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  • 1.
    Jakobsen Falk, Ingrid
    et al.
    Linköping University, Department of Medical and Health Sciences, Division of Drug Research. Linköping University, Faculty of Health Sciences.
    Willander, Kerstin
    Linköping University, Department of Clinical and Experimental Medicine, Division of Cell Biology. Linköping University, Faculty of Health Sciences. Region Östergötland, Center for Surgery, Orthopaedics and Cancer Treatment, Department of Haematology.
    Chaireti, Roza
    Linköping University, Department of Clinical and Experimental Medicine, Division of Microbiology and Molecular Medicine. Linköping University, Faculty of Health Sciences. Region Östergötland, Local Health Care Services in Central Östergötland, Department of Acute Internal Medicine. Karolinska University Hospital, Sweden.
    Lund, Johan
    Huddinge University Hospital, Sweden.
    Nahi, Hareth
    Huddinge University Hospital, Sweden.
    Hermanson, Monica
    Uppsala University, Sweden.
    Green, Henrik
    National Board Forens Med, Department Forens Genet and Forens Toxicol, Linkoping, Sweden.
    Lotfi, Kourosh
    Linköping University, Department of Medical and Health Sciences, Division of Drug Research. Linköping University, Faculty of Health Sciences. Region Östergötland, Center for Surgery, Orthopaedics and Cancer Treatment, Department of Haematology.
    Söderkvist, Peter
    Linköping University, Department of Clinical and Experimental Medicine, Division of Cell Biology. Linköping University, Faculty of Health Sciences. Region Östergötland, Center for Diagnostics, Department of Clinical Pathology and Clinical Genetics.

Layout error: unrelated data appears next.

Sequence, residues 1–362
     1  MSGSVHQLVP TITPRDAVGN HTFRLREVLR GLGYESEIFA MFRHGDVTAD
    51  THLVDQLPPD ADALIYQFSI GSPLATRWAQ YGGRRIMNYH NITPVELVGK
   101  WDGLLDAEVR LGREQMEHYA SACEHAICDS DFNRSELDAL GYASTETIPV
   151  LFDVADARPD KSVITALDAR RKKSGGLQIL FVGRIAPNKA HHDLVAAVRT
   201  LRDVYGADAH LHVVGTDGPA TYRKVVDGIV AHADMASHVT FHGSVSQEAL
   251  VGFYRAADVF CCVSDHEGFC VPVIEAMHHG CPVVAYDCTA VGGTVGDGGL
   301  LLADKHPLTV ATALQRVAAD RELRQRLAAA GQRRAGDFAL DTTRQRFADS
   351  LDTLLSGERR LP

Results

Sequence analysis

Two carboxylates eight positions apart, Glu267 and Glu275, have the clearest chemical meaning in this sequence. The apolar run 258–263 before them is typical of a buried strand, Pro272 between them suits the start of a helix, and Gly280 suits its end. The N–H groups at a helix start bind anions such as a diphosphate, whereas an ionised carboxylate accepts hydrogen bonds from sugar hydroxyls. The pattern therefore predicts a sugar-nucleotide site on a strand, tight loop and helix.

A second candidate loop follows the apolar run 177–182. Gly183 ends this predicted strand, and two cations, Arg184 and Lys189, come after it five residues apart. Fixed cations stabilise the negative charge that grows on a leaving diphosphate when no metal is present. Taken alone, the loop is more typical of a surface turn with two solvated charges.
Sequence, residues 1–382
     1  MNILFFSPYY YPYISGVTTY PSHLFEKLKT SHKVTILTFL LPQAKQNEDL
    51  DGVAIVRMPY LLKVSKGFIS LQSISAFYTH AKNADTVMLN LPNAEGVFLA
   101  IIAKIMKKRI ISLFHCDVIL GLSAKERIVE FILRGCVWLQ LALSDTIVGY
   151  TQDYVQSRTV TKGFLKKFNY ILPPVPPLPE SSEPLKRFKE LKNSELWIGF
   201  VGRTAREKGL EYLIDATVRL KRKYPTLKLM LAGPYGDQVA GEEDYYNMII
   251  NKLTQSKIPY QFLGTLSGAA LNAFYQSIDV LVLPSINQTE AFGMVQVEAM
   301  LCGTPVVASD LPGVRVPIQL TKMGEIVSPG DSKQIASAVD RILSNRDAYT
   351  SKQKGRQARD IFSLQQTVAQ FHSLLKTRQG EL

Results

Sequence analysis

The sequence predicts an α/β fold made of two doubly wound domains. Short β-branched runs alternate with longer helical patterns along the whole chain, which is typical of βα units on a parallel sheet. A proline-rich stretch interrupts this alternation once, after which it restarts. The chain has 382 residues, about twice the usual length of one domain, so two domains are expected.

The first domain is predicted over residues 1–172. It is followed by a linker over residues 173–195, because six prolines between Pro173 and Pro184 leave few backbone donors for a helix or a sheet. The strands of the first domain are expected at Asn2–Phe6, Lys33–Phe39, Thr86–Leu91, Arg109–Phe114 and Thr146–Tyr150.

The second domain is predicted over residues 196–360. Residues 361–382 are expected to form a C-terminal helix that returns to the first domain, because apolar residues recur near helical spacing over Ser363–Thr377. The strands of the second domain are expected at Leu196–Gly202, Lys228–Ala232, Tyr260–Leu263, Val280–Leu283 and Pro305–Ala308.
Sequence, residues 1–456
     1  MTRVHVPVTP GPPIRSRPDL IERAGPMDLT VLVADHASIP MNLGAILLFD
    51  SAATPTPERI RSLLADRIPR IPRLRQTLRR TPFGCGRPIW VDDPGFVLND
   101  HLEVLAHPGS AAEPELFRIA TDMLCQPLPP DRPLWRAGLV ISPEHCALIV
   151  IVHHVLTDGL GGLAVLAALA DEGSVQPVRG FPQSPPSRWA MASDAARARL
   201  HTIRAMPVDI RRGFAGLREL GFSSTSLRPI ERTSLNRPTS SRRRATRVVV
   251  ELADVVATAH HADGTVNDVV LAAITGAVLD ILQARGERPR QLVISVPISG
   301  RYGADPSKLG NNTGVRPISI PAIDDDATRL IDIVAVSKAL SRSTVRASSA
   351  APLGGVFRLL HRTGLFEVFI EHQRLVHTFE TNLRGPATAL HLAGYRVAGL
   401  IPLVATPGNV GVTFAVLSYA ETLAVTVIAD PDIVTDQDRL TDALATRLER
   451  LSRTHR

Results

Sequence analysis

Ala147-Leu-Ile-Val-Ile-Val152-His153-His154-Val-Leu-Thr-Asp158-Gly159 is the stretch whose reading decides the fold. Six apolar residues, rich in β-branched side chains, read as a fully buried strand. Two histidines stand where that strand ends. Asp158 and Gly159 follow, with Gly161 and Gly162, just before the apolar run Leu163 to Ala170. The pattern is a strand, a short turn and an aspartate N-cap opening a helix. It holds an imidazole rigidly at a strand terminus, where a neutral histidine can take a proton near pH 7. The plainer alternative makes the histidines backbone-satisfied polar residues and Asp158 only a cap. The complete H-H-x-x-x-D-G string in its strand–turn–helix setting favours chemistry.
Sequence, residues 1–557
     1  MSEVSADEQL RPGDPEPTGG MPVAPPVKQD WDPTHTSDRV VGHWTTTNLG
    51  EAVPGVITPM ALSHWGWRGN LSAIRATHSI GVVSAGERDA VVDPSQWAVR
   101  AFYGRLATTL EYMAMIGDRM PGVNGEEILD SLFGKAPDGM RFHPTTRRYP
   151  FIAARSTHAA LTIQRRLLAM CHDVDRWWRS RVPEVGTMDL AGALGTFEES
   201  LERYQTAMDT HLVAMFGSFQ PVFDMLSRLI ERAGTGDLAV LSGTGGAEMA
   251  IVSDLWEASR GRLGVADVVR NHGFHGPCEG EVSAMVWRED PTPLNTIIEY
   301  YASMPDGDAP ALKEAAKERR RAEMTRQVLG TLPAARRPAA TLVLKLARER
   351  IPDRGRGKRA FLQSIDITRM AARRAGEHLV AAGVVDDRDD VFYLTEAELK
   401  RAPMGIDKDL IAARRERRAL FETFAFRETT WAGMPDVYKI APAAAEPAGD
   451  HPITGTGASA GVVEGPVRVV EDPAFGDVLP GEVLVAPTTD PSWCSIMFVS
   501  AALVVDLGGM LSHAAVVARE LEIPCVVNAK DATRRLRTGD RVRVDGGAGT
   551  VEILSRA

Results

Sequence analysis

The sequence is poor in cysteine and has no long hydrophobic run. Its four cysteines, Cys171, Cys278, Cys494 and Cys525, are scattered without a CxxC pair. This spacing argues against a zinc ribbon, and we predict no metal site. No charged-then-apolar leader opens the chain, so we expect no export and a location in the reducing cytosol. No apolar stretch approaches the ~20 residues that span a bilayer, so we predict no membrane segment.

TP53 mutations and MDM2(SNP309) identify subgroups of AML patients with impaired outcome2015In: European Journal of Haematology, ISSN 0902-4441, E-ISSN 1600-0609, Vol. 94, no 4, p. 355-362Article in journal (Refereed)
    Abstract [en]

    BackgroundTP53 is commonly mutated in several cancers and confers treatment resistance and poor prognosis. Altered expression of mouse double minute 2 (MDM2), a negative regulator of p53, may also attenuate normal p53 signaling, thereby enhancing tumor transformation and resistance to apoptosis. The single nucleotide polymorphism (SNP) 309 has been reported to increase MDM2 expression and impair normal p53 response. Experimental designWe investigated the frequency and impact of TP53 mutations (TP53mut) and MDM2(SNP309) on treatment outcome and overall survival (OS) in 189 Swedish acute myeloid leukemia patients. The genetic analyses were performed using SSCA and direct sequencing (for mutations in exon 5-8 of TP53) and Pyrosequencing (for the MDM2(SNP309)). ResultsWe found a high frequency (22%) of TP53mut in patients with cytogenetic aberrations, with association to high-risk cytogenetics (Pless than0.001). TP53mut patients had lower response rates (22% compared with 76% CR in TP53 wild-type (wt) patients, Pless than0.001) and reduced OS (2 and 16months, respectively, Pless than0.001). In TP53wt patients with high or intermediate risk cytogenetic aberrations, the MDM2(SNP309) conferred an impaired outcome, with patients carrying the alternative G-allele having shorter OS compared with T/T patients (median 9 vs. 50months, P=0.020). ConclusionsOur results show that TP53mut analysis and MDM2(SNP309) genotyping may be useful tools for prognostication, risk stratification, and selection of patients most likely to benefit from new drugs targeting the p53 signaling pathway.

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